I used this to look up the possible side effects of a medication. While there a bunch of place on the Web that provide that information, this site has some information that I don't recall seeing elsewhere. In particular, it tells you the number of complains the FDA has received about a medication's side effects, the percentage of total complaints a specific complaint accounts for, and a few characteristics--age and gender, for examples--of the people who did the complaining.
Like many people I don't sleep as well as I used to. I've read a little about melatonin--some people swear by it--and what I've read has induced me to avoid it for now. This piece increases my wariness.
One thing that's encouraging is that cancer patients--patients of all types, actually--have more ability to help themselves than ever before.
Dr. Steven A. Rosenberg, who is chief of surgery at the National Cancer Institute and leads many clinical trials, said: “Fifteen years ago, more than 90 percent of our referrals came from doctors. Now, I would estimate that at least half of all our referrals come from patients themselves, who read about us on the internet and other places.”
Supposedly, this year is going to be bad for Lyme disease. This seems like a helpful guide to what to do if you're bitten.
Especially recommended if you're unfamiliar with Kahneman and Tversky's work. This is a good summary of it in an important application.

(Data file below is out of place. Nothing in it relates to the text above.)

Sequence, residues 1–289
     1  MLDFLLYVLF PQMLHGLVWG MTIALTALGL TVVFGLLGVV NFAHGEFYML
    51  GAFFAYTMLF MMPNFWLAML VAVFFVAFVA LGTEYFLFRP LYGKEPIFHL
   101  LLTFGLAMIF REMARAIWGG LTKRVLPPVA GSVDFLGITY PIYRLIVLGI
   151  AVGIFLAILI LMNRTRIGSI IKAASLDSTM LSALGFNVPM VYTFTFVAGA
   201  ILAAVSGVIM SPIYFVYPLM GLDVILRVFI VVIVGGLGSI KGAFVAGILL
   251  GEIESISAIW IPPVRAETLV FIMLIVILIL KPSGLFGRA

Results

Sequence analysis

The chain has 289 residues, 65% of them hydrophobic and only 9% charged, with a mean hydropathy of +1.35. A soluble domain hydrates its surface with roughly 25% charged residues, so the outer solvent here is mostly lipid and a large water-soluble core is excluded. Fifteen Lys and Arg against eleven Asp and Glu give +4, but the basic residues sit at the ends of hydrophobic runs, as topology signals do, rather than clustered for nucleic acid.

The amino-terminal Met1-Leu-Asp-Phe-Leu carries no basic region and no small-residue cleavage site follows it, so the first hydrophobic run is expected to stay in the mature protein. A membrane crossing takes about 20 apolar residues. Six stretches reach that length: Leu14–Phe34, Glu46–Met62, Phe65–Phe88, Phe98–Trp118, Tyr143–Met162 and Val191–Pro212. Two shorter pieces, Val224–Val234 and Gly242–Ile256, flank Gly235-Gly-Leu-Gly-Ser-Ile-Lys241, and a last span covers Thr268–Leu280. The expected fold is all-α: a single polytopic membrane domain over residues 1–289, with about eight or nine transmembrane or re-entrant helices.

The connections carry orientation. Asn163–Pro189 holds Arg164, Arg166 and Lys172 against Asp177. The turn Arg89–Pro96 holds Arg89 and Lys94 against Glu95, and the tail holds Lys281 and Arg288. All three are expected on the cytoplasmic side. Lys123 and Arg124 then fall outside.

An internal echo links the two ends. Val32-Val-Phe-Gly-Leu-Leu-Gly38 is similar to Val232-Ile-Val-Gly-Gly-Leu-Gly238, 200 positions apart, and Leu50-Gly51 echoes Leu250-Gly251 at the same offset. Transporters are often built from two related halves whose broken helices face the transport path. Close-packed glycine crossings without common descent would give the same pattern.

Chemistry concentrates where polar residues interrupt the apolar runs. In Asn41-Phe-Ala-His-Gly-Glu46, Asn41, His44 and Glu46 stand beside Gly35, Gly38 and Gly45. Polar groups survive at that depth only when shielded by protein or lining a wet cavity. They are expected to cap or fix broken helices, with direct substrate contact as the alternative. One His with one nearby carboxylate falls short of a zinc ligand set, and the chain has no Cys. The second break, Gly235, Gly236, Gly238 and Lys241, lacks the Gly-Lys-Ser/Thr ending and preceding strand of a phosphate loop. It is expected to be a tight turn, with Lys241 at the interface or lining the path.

If it weren't for them being relatively caloric and having oxalates, I'd certainly eat a lot more.
Exactly how many years have they been setting--and changing--the target?
Obviously we'd prefer Star Trek. But I make the odds at no better than 50-50.
I'm no lawyer, but it sounds like he may have a lawsuit.
It's an exhausting minute, but, hey, it seems worth a try.
Is one minute the shortest possible H.I.I.T. workout or will I be writing about a 30-second workout soon?
I think one minute may be the limit. We are still looking for the exact sweet spot in terms of how little intense effort people can do and still get significant health and fitness benefits. So far, it looks as if three repetitions of 20-second intervals is the lowest effective load. But we are still experimenting. Stay tuned.